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© 1987-2016
Scott Larson





Building façade in Cannes, France

Post-apocalyptic déjà vu

Here’s a question that keeps nagging me. Why does the news coverage of the war in Afghanistan look so familiar to me?

There is something about the images that we television viewers in the West are being fed that makes me feel like we’ve seen this before. It’s the bombed-out desert landscapes, the sun-parched expanses lacking vegetation, the scruffy armed men riding creaky old Jeeps over endless dirt roads shooting anybody because life is cheap and the one with the most guns wins, the sense of civilization having completely broken down. Why do I get déjà vu when I see helpless women and children huddled in camps, waiting for some warlord to change sides and offer them hope in the form of armed protection? Waiting for a stranger to stride into town and be a hero?

Wait! I’ve got it! This isn’t a country. It’s a Mad Max movie!

Mel Gibson would be right at home, driving into town looking for his next tank of gasoline, before he gets sidetracked into aiding the helpless civilians. Over the years, the post-apocalyptic action adventure has become a veritable genre of its own, with Mad Max alone spawning two sequels (Road Warrior and Beyond Thunderdome) as well as numerous imitators—until Kevin Costner ruined things with Waterworld and The Postman. Of course, this storyline didn’t even begin with sci-fi action flicks. Before Mad Max it was American gunslingers in Mexico coming to the rescue of peasants caught in the crossfire of banditos in flicks like The Magnificent Seven and its sequels. And before that it was Japanese swordsmen in The Seven Samurai.

But this raises an interesting question: has Hollywood ever made any movies that are actually about Afghanistan? It is probably a safe bet that there will be a few made in the future. But have there been any made in the past? The answer, as far as I can tell after a period of extensive research that consisted of spending five minutes with an old version of Microsoft Cinemania, is: not very often.

The Soviet Union’s protracted war in that country figured as a plot device in at least two action/adventure movies of the 1980s that I am aware of. It was a component of the typically complicated plot of the 1987 James Bond film, The Living Daylights. It was also the locale (and I had completely forgotten this) for Sylvester Stallone’s rescue of his old military mentor (Richard Crenna) in that 1988 classic Rambo III. Given the fact that Timothy Dalton only played Bond one more time after The Living Daylights and Stallone never played Rambo again after Rambo III, one has to wonder that if Afghanistan is as unlucky for Hollywood invaders as it has been historically for military invaders.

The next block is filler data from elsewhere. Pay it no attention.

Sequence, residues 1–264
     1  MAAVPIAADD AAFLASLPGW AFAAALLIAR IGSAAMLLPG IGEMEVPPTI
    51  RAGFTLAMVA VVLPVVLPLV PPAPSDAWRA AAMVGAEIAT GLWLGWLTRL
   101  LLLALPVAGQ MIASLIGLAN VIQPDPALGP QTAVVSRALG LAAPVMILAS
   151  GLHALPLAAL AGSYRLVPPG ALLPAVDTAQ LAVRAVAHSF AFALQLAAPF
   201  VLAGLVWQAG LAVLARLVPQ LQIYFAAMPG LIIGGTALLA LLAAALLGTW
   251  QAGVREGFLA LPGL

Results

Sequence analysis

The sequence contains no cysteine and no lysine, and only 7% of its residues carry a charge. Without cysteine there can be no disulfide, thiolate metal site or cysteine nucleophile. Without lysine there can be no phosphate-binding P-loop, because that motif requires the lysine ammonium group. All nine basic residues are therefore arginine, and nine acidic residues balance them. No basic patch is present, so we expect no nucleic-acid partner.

The best Hollywood film made about Afghanistan has to be, hands down, well, I don’t know if it was really about Afghanistan. It dealt with a place called Kafiristan, which has to be close, if not actually part of Afghanistan, right? I seem to remember them going over the Khyber Pass, so that would put them in Afghanistan, wouldn’t it? Anyway, I’m talking about John Huston’s 1975 classic, The Man Who Would Be King. Based on a story by Rudyard Kiping, it had two great stars in Sean Connery and Michael Caine. Interestingly, Huston originally had Humphrey Bogart and Clark Gable in mind for the leads, but that dream casting was thwarted by Bogart’s death in 1957.

A rip-roarin’ adventure yarn set in the Victorian age, the story is basically about how greed ultimately defeats itself, not unlike another Huston classic (which did star Bogart, in 1948) The Treasure of the Sierra Madre. Daniel Dravot and Peachy Carnehan are two former British soldiers who think that their guns and military experience will make it easy for them to take over a backwater kingdom and become its (fabulously wealthy) rulers. The cockeyed plan nearly succeeds when, through a strange series of events, Dravot is taken for some kind of deity. But in the end, this is a cautionary tale about the folly of being an arrogant foreigner in a strange and violent land. The bad luck of this pair wasn’t just an idea for a movie. It is an experience that has been lived in this region by a number of countries, including the British and the Soviets.

Will the Americans and their allies (the Brits again) follow suit in the current incursion? Fortunately, the foreign commander-in-chief this time doesn’t seem interested in empire and conquest in Afghanistan, just a little terrorist cleansing and nation building. Daniel and Peachy were after riches beyond their wildest dreams. Bush, Rumsfeld, Rice and Powell are mostly interested in keeping their own country free of invaders. (Besides, I don’t think Afghanistan has any oil.) Rather, it is a certain charismatic Saudi-born cleric and his Saudi, Egyptian and Pakistani followers who are the imperious foreigners in Afghanistan this time. And, in the end, they are getting the same treatment as their predecessors.

Heck, if Daniel and Peachy were still around, they would probably be heading over the Khyber Pass again to try collecting that $25 million reward.

-S.L., 29 November 2001


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